Identification and Creation
Object Number
Recreational Artifacts
Work Type
game piece
5th-1st century BCE
Creation Place: Ancient & Byzantine World
Physical Descriptions
Cast, lost-wax process
3.2 x 2.2 x 1.9 cm (1 1/4 x 7/8 x 3/4 in.)
Technical Details

Chemical Composition: ICP-MS/AAA data from sample, Leaded Bronze:
Cu, 86.38; Sn, 6.04; Pb, 4.15; Zn, 0.079; Fe, 0.02; Ni, 0.2; Ag, 0.3; Sb, 0.95; As, 1.83; Bi, 0.055; Co, less than 0.01; Au, less than 0.01; Cd, less than 0.001
J. Riederer

Chemical Composition:
Lead Isotope Analysis (Pb, 4.15%):

Pb206/Pb204, 18.65361; Pb207/Pb204, 15.64407; Pb208/Pb204, 38.77470; Pb, 207/Pb206, 0.83866; Pb 208/Pb206, 2.07867; Pb208/Pb207, 2.47856

P. Degryse

Technical Observations: The patina on each of these knucklebones is different. Both 1935.35.52.B and 1978.495.46 are a mottled light green with a few areas worn down to a reddish brown. The former is also saturated with wax overall. 1992.256.198 has a dark brown patina, which is uncharacteristic of an archaeological bronze that has long been buried.

The three knucklebones are in good structural condition, and all of them preserve some traces of soil in their recesses. 1992.256.198 has a few dings that have exposed the golden hue of polished metal. 1978.495.46 is also worn on the edges, and one of its projecting ends has been crushed. The surface of 1935.35.52.B is the most visibly altered by corrosion and cleaning.

All three knucklebones are solid, although evidence is insufficient to determine how they were cast. The softer contours and greater detail of 1992.256.198 suggests that it was cast by the lost-wax process. A discontinuity in the metal at the bottom right corner of the paper label glued to 1935.35.52.B may be the result of mis-registered mold pieces. The coarse surface of 1978.495.46 is more likely the result of casting and could be evidence that the mold material used was coarse. It is unclear whether the double ridge along one of the flat surfaces is an anatomical detail or a decorative element.

Francesca G. Bewer (submitted 2001)

Louise M. and George E. Bates, Camden, ME (by 1971-1992), gift; to the Harvard University Art Museums, 1992.
Acquisition and Rights
Credit Line
Harvard Art Museums/Arthur M. Sackler Museum, Gift of Louise M. and George E. Bates
Accession Year
Object Number
Asian and Mediterranean Art
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Published Catalogue Text: Ancient Mediterranean and Near Eastern Bronzes at the Harvard Art Museums
This object is a faithful representation of an astragalus, a bone from the ankle of a sheep or goat commonly known as a knucklebone. The underside features two parallel ridges and a valley, with a deeper indentation in the center. The top is more uneven and resembles a real knucklebone. The rounded knobs on one end are parallel, but uneven, with one being larger than the other. Copper alloy replicas of astragaloi occur in many collections of antiquities (1). Astragaloi of various mammals were used as gaming pieces for a variety of different games throughout the ancient world (2), and sets of the bones often occur in Greek graves of the fifth and fourth centuries BCE. Much work remains to be done on knucklebones themselves, from the standpoint of faunal analysis, and on their metal replicas, which may have served at times as votive gifts as well as weights and game pieces (3).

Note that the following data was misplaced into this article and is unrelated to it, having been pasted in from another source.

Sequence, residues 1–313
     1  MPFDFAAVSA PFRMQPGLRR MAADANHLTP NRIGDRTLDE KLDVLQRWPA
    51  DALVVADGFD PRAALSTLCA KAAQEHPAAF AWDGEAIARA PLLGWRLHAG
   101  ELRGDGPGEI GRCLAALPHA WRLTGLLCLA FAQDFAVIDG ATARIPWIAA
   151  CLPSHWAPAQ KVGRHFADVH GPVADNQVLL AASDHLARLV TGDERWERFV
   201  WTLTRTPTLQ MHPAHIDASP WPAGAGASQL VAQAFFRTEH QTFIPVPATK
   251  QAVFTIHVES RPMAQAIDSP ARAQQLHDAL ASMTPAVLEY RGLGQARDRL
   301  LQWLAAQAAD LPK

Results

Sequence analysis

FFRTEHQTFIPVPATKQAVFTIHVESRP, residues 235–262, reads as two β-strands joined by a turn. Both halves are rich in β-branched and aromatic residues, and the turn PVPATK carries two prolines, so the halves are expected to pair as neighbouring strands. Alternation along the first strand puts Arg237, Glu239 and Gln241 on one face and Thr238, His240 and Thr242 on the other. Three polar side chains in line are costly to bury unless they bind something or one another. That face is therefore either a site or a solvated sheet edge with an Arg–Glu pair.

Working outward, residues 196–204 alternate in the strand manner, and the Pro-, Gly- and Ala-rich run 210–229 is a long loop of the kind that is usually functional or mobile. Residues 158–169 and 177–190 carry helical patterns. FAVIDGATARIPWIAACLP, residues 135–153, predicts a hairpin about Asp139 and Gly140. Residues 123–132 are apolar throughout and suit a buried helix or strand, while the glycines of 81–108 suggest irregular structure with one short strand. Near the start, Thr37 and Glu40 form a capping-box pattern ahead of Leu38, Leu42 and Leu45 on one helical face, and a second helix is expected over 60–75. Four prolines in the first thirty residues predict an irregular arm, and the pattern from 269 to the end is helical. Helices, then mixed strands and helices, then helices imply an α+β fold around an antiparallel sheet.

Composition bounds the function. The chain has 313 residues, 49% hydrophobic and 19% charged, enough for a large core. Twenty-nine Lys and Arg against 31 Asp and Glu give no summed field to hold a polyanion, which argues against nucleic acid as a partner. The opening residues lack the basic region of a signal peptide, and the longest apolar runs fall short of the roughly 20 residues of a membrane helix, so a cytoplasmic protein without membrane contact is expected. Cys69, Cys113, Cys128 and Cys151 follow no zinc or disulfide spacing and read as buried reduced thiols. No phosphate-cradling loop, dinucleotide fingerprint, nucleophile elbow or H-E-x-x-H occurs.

1. For a few examples in museum collections, see M. Comstock and C. C. Vermeule, Greek, Etruscan and Roman Bronzes in the Museum of Fine Arts, Boston (Greenwich, CT, 1971) 436-37, no. 639 (inv. no. 65.1184), said to be Roman in date; and Metropolitan Museum of Art, New York, inv. no. X.229, third to second century BCE. Note also large red-figure pottery vessels in the shape of astragaloi in the British Museum, London, inv. no. E804; the Metropolitan Museum of Art, New York, inv. no. 40.11.22, and the Villa Giulia, Rome, inv. no. 866; see G. M. A. Richter, “An Athenian Astragalos,” The Metropolitan Museum of Art Bulletin 36.5 (1941): 122-23; and H. Hoffmann, Sotades: Symbols of Immorality on Greek Vases (Oxford, 1997) 107-12.

2. See J. Neils and J. H. Oakley, Coming of Age in Ancient Greece: Images of Childhood from the Classical Past, exh. cat., Hood Museum of Art, Dartmouth College; Onassis Cultural Center, New York; Cincinnati Art Museum; and The J. Paul Getty Museum, Los Angeles (New Haven, 2003) 278-79, nos. 86-90. Note that ibid., no. 90, is a glass replica; see also a lead knucklebone in the Harvard Art Museums, 1935.35.52.A. For information on the use of astragaloi in games before and after Classical antiquity, see F. N. David, “Dicing and Gaming (A Note on the History of Probability),” Biometrika 42.1-2 (1955): 1-15; and G. Bar-Oz, “An Inscribed Astragalus with a Dedication to Hermes,” Near Eastern Archaeology 64.4 (2001): 215-17.

3. For a detailed discussion on the uses of knucklebones in the Greek world in connection with the thousands of knucklebones found in the Corycian Cave, above Delphi, see P. Amandry, “Os et Coquilles,” in L’Antre Corycien 2, Bulletin de correspondance hellénique Suppl. 9 (1984) 347-78. For a knucklebone with an inscription dedicating it to Asklepios, see L. Robert, Collection Froehner 1: Inscriptiones Grecques (Paris, 1936) 44-45, no. 40, pl. 17. See also lead and bronze weights with depictions of knucklebones on them as an indicator of their unit of measurement, in that case a stater, in M. Lang, Weights, Measures and Tokens, Athenian Agora 10 (Princeton, 1964) 6-7, 13-17, 19, 25, and 27; nos. BW 1 and LW 3-7; pls. 1-3.

David G. Mitten

Subjects and Contexts

Ancient Bronzes

Related Works

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